Government Proposals

Written by Patricia Skinner
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Any small business that isn't prepared to consider the government as a good source of business is probably making a huge mistake. Small businesses actually take more than 50 percent of all government contracts, whether local, state, or federal. In fact, the budget for small government contracts is over $200 billion. Plenty to go around, in other words.

This means the potential for profit with a government agency is quite astounding. So how can you build government proposals to raise your chances of winning some of these lucrative contracts? To begin with, it's necessary to do a little research to uncover the type of government departments that are most likely to have projects that your business is ideally suited for. The better the match, the higher your chances of success. Then you need to find the places where those projects are advertised. The best places are government websites. Every government agency has a website, and this is the primary place to find RFPs (requests for proposals). Another website, called Commerce Business Daily also announces government RFPs.

Developing Your Proposal Strategy

Next you need to develop a strategy to use in your proposals that is most likely to convince the government agencies concerned that your business is the best one for the job. If you can find projects that are requesting the exact goods or services that you supply, and the price range they are talking about would be profitable to you, then you're off to a good start. Next you need to invest time and effort developing your proposal.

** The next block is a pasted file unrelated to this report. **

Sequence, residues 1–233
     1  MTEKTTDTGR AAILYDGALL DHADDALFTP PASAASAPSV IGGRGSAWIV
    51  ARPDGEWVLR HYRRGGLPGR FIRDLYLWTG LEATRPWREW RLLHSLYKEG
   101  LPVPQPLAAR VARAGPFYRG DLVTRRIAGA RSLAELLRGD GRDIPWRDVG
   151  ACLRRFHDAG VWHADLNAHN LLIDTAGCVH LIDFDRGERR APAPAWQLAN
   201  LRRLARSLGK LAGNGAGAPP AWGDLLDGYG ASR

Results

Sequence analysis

The secret is knowing where your company's strengths lie. Promoting those will raise you out of the ranks of good, and place you firmly in the ranks of the great. Focus on three sections of the government RFP: the statements of work, the proposal instructions, and evaluation factors. These will help you to decide if you're perfect for the job, and how to go about crafting your proposal.

Why Your Company Is Best for the Job

First, it's necessary to demonstrate in your proposal that your company is technically and professionally equipped for the job at hand. You also need to demonstrate the commitment necessary to follow through on your proposal and see the job through to completion. Obviously, relevant experience is going to be invaluable here. Finally, you need to develop a proposal that is economically competitive with other possible proposals from competitors.

The proposal document is obviously going to end up being quite long and involved, and chances are, many members of your team will need to make some level of personal input. The best way of ensuring that all this goes smoothly is to use collaboration software. The right collaboration software will help you keep track of who contributed what and when, and it will also mean that your proposal will be ready for submission in the shortest possible time. Time is usually of the essence when competing with a deadline.

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